Dick is faced with a series of brutal murders in which the victims, all from different social and economic backgrounds, are viciously slashed to pieces. Suspects abound but Tracy, getting a... See full summary »
A Scotland Yard Inspector, seeking a missing heiress, is murdered in his own home. "Bulldog" Drummond finds one of the two women claiming to be the real heiress hiding in a closet in the ... See full summary »
"Bulldog" Drummond is vacationing in his country home in England, and his house if rifled by two thieves. After they leave he finds a card marked with some mysterious letters. Doris ... See full summary »
It is clear that 'moving car scenes' haven't improved since 1937. In fact the 'night scenes' in this film are far more realistic that modern offerings where the recording takes place in daylight with reduced camera sensitivity. See more »
Has Some Good Moments; Overall An Average B-Feature
Overall, this entry in the Bulldog Drummond series is just an average B-feature, but it does have some good moments. This was the first feature in the series to star John Howard as Drummond, and it also has the usual supporting characters, with E.E. Clive and Reginald Denny as Drummond's sidekicks, Louise Campbell as Phyllis, and John Barrymore as Colonel Neilson. Howard, Clive, and Denny have some good lighter moments together during the course of events, and Barrymore, as you would expect, makes very good use of his opportunities, leaving you wishing there had been more scenes involving his character.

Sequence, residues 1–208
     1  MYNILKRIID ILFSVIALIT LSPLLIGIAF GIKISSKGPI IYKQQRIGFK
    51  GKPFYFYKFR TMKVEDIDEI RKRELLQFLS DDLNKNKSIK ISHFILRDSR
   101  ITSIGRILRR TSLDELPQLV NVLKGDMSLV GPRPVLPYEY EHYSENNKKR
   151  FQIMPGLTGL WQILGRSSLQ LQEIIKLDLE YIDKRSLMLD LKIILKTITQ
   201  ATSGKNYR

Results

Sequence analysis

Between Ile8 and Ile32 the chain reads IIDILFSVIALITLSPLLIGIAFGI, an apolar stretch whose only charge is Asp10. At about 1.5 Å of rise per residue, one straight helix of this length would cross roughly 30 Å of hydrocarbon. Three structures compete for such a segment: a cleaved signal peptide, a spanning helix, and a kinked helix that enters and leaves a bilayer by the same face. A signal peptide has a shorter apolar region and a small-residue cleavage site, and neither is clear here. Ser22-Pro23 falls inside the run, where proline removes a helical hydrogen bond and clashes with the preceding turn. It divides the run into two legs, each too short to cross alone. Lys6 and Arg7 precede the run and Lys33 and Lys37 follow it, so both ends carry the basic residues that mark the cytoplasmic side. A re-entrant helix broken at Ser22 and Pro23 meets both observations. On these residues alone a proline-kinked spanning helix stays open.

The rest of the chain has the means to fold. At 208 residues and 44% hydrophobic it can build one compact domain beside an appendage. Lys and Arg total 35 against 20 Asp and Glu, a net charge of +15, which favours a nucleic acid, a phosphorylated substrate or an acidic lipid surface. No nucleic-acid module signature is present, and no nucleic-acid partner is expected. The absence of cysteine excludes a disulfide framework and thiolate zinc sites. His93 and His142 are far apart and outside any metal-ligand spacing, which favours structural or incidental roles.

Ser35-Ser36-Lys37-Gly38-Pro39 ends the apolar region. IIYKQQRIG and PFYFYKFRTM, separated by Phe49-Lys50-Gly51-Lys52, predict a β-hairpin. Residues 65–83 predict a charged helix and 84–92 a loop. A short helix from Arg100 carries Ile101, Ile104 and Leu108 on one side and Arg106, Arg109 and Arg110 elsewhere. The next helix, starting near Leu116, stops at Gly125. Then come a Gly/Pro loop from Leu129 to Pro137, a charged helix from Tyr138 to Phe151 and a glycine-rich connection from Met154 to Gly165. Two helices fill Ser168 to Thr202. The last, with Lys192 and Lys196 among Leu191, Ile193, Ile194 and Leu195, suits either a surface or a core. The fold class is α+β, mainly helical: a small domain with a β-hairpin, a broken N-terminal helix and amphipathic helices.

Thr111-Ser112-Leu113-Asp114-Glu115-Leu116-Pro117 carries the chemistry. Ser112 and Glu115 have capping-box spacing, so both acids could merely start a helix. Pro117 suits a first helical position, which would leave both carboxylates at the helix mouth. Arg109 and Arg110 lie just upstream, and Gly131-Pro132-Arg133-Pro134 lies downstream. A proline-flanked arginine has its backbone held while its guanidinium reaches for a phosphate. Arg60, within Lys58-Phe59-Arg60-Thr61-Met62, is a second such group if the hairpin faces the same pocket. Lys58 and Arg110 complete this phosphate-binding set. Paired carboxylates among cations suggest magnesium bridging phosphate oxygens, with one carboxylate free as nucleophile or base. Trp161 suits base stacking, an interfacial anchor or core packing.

The story idea is interesting if lightweight, with villains played by J. Carrol Naish and Helen Freeman using a series of riddles and puzzles, along with a kidnapping, in their attempts to lure Drummond into a trap. The series of puzzles gets a bit far-fetched, but it does hold your interest, and perhaps with a little more careful writing and editing it could have made a pretty good movie.
Barrymore's series of disguises and other tactics is probably the most entertaining part of it all, and these also help to keep the tone light. Otherwise, there's nothing particularly impressive, but it has just enough to be worth seeing for those who enjoy the genre.
10 of 11 people found this review helpful.
Was this review helpful to you?